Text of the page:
Director of Poverty and Inequality Research
Update, March 22: We’ve replaced the final graphic in this post with an updated version from our chart book.
In his 2018 budget, President Trump called for unprecedented cuts in programs for low- and moderate-income families. With the President set to release his 2019 budget on Monday, lawmakers need to keep this in mind: today’s economic security programs keep tens of millions of Americans above the poverty line and have positive longer-term effects on children, helping them do better (and go further) in school and lift their earning power as adults. These four graphs give some facts about how these programs help millions of Americans live healthier, more secure lives:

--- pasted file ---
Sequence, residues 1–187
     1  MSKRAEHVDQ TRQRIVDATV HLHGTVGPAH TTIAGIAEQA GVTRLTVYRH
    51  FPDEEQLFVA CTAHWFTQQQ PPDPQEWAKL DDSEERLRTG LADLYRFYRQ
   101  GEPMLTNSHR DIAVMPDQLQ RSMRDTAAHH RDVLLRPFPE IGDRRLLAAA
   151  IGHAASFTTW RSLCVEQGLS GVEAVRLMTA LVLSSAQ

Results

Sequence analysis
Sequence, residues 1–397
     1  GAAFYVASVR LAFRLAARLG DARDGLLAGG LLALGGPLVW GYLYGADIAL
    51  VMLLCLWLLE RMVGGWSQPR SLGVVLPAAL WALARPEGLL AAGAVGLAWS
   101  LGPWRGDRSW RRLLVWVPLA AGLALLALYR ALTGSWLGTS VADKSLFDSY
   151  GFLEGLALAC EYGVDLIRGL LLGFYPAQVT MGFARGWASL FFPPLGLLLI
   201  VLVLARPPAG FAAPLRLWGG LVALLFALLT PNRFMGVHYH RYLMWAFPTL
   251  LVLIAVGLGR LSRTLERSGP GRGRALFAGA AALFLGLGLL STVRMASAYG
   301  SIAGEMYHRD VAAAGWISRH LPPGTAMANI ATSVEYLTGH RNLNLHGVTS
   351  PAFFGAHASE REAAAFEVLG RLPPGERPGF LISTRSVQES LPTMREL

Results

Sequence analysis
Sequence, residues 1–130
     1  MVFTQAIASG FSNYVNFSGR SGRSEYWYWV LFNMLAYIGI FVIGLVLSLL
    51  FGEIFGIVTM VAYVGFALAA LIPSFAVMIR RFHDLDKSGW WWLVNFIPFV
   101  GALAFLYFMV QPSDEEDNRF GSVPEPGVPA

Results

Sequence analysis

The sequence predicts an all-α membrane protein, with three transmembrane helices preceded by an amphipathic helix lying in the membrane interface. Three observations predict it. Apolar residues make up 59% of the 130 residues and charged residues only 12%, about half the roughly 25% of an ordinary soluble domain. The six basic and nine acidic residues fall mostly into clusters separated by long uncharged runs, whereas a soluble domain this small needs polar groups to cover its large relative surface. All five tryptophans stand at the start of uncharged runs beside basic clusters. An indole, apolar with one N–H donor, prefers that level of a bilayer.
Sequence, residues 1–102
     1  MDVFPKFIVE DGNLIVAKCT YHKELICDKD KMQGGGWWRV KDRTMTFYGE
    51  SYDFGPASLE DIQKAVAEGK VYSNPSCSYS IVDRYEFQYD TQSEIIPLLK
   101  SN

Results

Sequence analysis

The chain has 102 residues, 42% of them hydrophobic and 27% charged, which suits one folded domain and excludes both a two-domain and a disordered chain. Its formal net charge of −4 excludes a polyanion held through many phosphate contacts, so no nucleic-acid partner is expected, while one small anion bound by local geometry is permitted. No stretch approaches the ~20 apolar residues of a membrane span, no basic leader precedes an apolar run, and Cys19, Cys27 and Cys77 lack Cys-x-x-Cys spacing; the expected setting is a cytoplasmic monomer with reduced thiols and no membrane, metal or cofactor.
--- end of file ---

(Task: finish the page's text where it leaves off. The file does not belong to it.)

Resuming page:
Most non-elderly adults who aren’t receiving disability benefits and participate in programs like Medicaid or SNAP are working — and many of those who aren’t working currently are between jobs and will work soon. Of those who aren’t working, many are ill, caring for a family member who is ill or has a disability, or face other circumstances that make it difficult to work in the near term.
Economic security programs help millions of working families make ends meet and are structured so that families are usually better off when an adult can start working, work more hours, or receive a wage hike.